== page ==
Finger foods are popular party fare because everyone, not just children, loves
to eat with his or her hands. Whether the appetizers are set on a buffet
table or served as passed hors d’oeuvres, they always seem to disappear in
minutes. Nutrition-conscious eaters welcome bite-size morsels, since
these savory, oftenrich foods provide pleasure without much guilt.
book Finger Foods
, Mabel Hoffman pointed out that guests are more mobile when
they do not need to use silverware. She defined a finger food as
something “small enough to be eaten without utensils” and gave a succinct guide
to what kind of food is suitable: “It does not break, drip, crumble, mash, bend
or disintegrate from the time it leaves the serving plate until it reaches your
A popular idea for making finger foods is serving familiar dishes
in miniature form. They can be prepared as individual portions like small
burekas or mini quiches. Such items as kugels or pies can be baked in larger
pans and cut into small squares or wedges for serving.
finger foods at recent parties we attended were the hot appetizers. At a bar
mitzva celebration, the toasted baguette slices with olive paste were sampled
eagerly, as were Reuben turnovers, a puff pastry adaptation of the American
sandwich of corned beef, sauerkraut and mustard.
Few people could resist
the small skewers of Indonesian-inspired chicken satays with sweet and spicy
peanut dipping sauce or the mini-frankfurters in pastry.
pastry are ubiquitous at parties. The humble hot dog stars in this
tried-and-true combination, which comes in many forms, from the elegant French
saucisson en brioche to homey American pigs in a blanket, which are often made
of breakfast sausages baked in biscuit dough. At our friends’
Thanksgiving party, the smoked cocktail sausage slices baked in flaky homemade
yeast dough were a hit. When made with good quality dough, even a packaged kind,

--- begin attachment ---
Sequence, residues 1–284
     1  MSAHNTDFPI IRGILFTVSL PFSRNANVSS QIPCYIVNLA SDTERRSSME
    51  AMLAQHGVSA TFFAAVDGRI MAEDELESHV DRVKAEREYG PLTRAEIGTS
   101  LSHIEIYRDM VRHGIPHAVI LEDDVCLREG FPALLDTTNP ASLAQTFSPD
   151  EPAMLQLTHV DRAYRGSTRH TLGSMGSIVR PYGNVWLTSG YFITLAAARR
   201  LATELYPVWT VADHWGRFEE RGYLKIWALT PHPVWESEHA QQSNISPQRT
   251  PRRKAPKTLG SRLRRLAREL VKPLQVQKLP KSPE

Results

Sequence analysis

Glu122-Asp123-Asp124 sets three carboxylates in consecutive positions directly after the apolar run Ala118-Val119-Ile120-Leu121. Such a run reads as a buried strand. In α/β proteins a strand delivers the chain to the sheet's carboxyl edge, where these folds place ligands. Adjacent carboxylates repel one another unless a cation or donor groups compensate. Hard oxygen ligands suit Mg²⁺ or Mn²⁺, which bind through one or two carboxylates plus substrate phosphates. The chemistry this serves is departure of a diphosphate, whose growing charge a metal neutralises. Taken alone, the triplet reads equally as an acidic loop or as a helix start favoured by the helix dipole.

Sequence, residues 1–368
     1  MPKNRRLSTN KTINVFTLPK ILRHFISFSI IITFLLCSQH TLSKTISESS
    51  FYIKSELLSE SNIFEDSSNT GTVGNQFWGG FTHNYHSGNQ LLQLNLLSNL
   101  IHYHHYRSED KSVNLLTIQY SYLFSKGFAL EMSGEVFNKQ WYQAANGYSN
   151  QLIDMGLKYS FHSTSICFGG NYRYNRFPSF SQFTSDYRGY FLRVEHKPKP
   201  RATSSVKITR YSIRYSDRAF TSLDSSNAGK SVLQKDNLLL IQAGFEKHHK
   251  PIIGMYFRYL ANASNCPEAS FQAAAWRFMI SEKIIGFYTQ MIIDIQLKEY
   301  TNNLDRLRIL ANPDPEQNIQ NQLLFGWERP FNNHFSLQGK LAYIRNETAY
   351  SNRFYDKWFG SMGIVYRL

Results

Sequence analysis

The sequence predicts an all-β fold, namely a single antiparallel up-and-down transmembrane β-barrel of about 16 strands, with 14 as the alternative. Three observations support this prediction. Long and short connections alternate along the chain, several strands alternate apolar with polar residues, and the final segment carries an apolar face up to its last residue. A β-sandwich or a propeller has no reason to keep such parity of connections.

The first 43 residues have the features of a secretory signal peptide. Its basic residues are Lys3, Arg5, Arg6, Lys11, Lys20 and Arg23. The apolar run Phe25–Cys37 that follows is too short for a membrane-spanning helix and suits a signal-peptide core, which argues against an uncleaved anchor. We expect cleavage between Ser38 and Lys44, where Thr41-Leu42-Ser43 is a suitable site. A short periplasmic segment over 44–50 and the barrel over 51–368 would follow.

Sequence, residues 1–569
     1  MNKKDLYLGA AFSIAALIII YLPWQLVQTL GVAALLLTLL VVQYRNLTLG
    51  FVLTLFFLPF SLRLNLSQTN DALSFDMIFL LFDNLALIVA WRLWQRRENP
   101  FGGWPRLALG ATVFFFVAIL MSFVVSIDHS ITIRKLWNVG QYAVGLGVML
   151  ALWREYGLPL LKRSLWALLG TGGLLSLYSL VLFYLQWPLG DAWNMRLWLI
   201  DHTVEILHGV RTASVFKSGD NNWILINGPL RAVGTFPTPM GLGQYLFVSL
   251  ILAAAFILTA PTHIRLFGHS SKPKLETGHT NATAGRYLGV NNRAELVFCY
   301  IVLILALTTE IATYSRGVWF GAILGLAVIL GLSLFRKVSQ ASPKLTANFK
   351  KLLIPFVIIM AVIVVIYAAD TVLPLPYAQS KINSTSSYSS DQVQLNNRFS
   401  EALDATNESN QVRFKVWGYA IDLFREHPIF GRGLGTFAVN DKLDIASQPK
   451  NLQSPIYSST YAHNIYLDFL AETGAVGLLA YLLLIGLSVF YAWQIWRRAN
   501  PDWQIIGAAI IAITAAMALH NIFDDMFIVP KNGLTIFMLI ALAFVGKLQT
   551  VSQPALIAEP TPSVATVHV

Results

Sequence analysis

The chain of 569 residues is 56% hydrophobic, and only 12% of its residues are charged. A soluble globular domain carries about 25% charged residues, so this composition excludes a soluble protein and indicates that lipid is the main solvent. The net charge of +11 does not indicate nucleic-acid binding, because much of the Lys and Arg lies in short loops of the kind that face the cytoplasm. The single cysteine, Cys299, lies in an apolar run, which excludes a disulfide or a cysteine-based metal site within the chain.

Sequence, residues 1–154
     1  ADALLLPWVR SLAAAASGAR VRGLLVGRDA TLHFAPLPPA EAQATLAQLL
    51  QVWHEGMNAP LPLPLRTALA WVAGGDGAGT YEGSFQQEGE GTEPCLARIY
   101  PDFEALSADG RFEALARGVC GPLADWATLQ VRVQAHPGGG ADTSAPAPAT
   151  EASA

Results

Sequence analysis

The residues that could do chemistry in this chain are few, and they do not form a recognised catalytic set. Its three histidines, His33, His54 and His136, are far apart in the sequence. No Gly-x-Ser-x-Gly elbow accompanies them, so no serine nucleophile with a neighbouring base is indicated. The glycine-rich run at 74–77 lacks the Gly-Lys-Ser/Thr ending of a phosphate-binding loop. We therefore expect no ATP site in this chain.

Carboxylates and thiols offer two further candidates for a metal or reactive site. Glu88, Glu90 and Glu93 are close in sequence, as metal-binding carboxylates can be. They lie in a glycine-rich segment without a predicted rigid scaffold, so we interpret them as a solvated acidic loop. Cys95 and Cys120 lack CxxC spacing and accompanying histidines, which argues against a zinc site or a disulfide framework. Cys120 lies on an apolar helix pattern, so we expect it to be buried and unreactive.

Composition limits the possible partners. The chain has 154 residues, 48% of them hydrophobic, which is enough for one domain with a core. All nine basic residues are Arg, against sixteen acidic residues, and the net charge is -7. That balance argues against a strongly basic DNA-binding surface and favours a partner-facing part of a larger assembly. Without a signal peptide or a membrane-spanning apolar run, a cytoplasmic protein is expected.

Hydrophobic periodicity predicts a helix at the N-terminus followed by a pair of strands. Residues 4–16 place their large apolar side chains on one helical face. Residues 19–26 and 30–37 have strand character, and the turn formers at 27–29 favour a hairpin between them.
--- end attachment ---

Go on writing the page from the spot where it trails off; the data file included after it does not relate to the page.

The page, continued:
and flavorful sausages, these treats made of only two ingredients can be
terrific. Hoffman’s easy version of this delicacy is made of frankfurters with
mustard, horseradish and a touch of jam in store-bought bread dough. Her
Mexican-style variation has smoked sausage links baked in tortillas with chopped
onion and hot salsa.
A grilled morsel of meat with a flavorful dipping
sauce has universal appeal as a festive appetizer. Because it’s a tiny portion,
often the meat is more highly seasoned than usual to deliver a burst of flavor.
Spicy, tangy and sweet-and-sour themes of the Far East have become such
favorites that no one seemed surprised to find savories of Indonesian origin
among traditional foods at a Jewish simha
Hot toasted bread is a simple
to prepare base for tasty toppings. Hoffman’s formula for easy cheese fingers
calls for spreading a mixture of grated Parmesan, mild grated yellow cheese,
chopped red onion and mayonnaise on sandwich bread, broiling it briefly until
the cheese bubbles and cutting it in finger shapes.
author of First Impressions
, turns bread into rich finger food bases by baking
slices brushed with olive oil and melted butter until crisp. At serving time she
adds a hot topping, such as fresh and dried mushrooms sauteed with garlic and
rosemary, or sauteed tomatoes with leeks, and bakes them again briefly in the
Pizzettes or mini pizzas made from fresh pizza dough also make good
hors d’oeuvres bases. Rosbottom rolls the pizza dough very thin and cuts it in
rounds as if making cookies and then pricks them with a fork so they won’t rise